Home » General » Reflection on the 33rd Sunday in Ordinary Time

Reflection on the 33rd Sunday in Ordinary Time

Posted on November 15, 2020, by Maria Visse SL

I remember a talk by Dominic Crossan about the parables, and there was one one comment that stuck with me. It was that Jesus didn’t give the parables to answer some dilemma. The parable was meant to provoke a response in the person listening to the parable. They are situations that should keep you thinking about, “What does that mean in my life?”  The Gospel today presents, in this parable, the use of resources. We see different responses to the acceptance of the talent or resource. At first glance I think of the “talent” as money or some item for trading. Something to use to acquire more of the same. But what if today we think of the talents as a human resource. That would be the thinking behind my response to the importance of the phrase “Black Lives Matter.” 

So maybe just take this as self-reflection. I’m asking myself, “Why does it seem so important to me that saying ‘Black Lives Matter’ has a significance that goes beyond the the acceptable ‘All Lives Matter?’” Why did I so quickly in my mind link the “talents” of the parable to Black lives. Well, in the face of the current situation here in the USofA and due to reading some books that have been circulating here at the Motherhouse, it happened. I think the current awareness of the mentality of white supremacy within this country, the systemic racism, was all on my mind.

As I thought about the parable, it was not so much about the things, the “talents,” it was about the individuals in the parable; of the two that received the five or the two “talents” and confidently go about making good use of the resources. People who have advantages have a better possibility of increasing their well-being. Then there’s the individual that received one “talent” and buried it  Maybe the individual was not in a position to think beyond his fear of the master. I just kept thinking about Black lives seen as useless servants, thrown into the darkness.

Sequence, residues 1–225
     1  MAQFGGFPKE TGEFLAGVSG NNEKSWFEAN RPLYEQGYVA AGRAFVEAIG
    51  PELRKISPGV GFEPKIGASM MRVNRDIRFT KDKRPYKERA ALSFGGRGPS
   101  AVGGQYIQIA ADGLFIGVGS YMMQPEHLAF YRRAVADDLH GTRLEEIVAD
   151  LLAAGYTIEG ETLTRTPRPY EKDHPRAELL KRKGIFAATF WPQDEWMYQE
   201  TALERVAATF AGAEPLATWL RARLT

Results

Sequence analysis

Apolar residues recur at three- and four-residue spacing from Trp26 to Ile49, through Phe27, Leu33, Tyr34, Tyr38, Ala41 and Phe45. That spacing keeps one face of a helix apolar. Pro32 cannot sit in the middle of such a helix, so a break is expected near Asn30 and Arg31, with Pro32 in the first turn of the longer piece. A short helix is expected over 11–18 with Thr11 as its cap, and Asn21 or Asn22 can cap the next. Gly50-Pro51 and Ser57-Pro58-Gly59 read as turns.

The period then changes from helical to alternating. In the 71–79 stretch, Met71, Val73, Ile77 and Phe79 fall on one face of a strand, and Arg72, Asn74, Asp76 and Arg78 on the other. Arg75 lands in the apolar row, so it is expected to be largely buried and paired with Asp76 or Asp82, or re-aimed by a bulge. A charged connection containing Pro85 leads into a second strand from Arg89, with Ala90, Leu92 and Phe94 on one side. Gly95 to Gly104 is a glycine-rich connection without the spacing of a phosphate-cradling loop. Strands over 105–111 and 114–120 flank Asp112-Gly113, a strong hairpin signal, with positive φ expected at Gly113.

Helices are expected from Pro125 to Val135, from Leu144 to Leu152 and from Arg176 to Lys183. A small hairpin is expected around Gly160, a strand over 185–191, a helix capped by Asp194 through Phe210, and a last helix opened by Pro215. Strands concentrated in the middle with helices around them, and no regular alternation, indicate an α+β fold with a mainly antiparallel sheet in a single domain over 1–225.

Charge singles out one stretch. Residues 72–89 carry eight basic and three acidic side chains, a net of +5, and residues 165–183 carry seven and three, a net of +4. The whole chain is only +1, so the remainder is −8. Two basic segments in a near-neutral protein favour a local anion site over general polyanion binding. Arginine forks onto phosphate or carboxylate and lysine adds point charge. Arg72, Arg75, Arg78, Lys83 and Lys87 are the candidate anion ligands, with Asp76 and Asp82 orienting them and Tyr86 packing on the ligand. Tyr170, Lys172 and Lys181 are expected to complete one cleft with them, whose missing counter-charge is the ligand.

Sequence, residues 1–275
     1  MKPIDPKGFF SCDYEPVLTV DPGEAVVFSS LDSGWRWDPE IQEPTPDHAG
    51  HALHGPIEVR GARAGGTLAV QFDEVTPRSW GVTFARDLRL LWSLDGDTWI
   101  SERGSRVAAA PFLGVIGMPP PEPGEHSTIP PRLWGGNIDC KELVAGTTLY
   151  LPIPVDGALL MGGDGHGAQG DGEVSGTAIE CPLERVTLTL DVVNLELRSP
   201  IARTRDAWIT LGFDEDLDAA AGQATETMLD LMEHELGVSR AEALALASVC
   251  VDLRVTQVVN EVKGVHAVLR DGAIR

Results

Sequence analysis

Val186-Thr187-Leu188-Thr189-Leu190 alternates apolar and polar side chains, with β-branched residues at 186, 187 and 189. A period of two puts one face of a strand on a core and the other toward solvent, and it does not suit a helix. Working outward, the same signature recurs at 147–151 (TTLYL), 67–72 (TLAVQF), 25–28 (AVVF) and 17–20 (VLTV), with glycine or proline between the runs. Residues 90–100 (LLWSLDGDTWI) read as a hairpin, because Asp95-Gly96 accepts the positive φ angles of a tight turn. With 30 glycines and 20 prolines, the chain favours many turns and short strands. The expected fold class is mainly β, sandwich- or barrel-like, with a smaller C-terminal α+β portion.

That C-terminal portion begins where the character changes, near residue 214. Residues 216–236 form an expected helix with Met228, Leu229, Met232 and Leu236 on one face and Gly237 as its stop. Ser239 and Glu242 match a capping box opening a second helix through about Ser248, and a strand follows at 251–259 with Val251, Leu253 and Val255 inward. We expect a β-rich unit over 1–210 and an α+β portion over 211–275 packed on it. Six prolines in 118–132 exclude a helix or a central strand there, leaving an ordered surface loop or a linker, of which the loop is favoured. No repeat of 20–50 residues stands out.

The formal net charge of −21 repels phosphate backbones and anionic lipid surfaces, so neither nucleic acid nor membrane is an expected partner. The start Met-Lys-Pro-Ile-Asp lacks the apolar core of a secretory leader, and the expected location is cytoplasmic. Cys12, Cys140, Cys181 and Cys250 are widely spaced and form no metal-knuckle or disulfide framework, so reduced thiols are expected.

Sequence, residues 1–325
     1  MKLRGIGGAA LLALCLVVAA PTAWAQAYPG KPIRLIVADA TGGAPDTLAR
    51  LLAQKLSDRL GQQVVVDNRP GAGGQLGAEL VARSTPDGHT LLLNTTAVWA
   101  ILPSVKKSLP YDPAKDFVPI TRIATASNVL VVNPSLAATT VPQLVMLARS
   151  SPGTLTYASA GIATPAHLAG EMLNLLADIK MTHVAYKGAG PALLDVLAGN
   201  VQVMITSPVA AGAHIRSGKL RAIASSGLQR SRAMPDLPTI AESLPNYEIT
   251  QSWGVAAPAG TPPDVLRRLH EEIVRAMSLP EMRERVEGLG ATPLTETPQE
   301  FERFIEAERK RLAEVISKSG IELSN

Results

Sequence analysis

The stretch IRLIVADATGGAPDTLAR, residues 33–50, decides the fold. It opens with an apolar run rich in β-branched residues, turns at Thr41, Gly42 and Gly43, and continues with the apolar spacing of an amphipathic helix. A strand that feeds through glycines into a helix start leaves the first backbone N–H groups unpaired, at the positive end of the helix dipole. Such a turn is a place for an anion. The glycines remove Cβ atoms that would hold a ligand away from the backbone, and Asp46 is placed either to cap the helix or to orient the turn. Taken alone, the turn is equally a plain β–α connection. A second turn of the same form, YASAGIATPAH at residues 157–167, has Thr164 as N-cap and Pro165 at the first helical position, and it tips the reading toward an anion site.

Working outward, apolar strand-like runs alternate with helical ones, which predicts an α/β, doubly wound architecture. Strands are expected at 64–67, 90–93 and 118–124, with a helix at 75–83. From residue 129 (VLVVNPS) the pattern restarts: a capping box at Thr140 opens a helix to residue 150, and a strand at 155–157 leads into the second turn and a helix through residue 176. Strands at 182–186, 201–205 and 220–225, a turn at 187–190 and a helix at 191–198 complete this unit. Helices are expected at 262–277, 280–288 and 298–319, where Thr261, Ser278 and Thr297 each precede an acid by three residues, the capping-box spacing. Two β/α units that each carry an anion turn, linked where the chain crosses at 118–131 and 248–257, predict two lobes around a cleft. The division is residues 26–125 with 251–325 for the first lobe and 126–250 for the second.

I thought about the Supreme Court decisions in the 1850s that Black people could not have any rights as citizens. Such a long painful history. 

But history moves on.  We have just come through a time of new awakening. I think I see more clearly the depth of emotions that influence the social and political dynamics of the country. So we come back to the more traditional interpretation of this parable of the “talents”: How do I put my “talents” into the movement that says, “Black Lives Matter?” 

I have lived the whole of my 83 years with almost no contact with the Black community.  It was just the way my life moved along. I’m sorry to have to say that.  Just as I came to think in another language and blend into the culture of Chile, so far I’ve missed that kind of experience here in my own country. 

If you read any or all of the books I’ve listed you will be able to read between the lines of today’s reflection. “Talents” multiplied, “talents” offered, “talents buried”:  

“White Fragility” by Robin DiAngelo, “Naming who has access and who doesn’t guides our efforts in challenging injustice”; “The American Crisis – What Went Wrong.  How Do We Recover,” articles from “The Atlantic” magazine, published September 2020;  “New York Times Magazine,” “The 1619 Project,” August 2019, Nikole Hannah-Jones; “Begin Again: James Baldwin’s America and its Urgent Lessons for Our Own,” Eddie S. Glaude. November is Black Catholic History Month.

Author’s note: After I sent this off to be printed I just continued to think about the theme.  Was it Black Lives Matter or was it white supremacy that made me think of the “talents” and the distribution of the “talents?” I was influenced by a a quote from “White Fragility”: “Naming who has access and who doesn’t guides our efforts in challenging injustice.


Maria Visse SL

Maria, a member of the Sisters of Loretto since 1955, served as the Loretto Motherhouse Service Coordinator for many years. Among her many other works, she served as a labor and delivery nurse. In 2017, she and Kay Carlew SL spent a month in Ghana visiting with and observing the work of the Daughters of the Most Blessed Trinity, one of Loretto’s sister communities. A gifted singer and musician, Maria often may be found leading the congregation in song.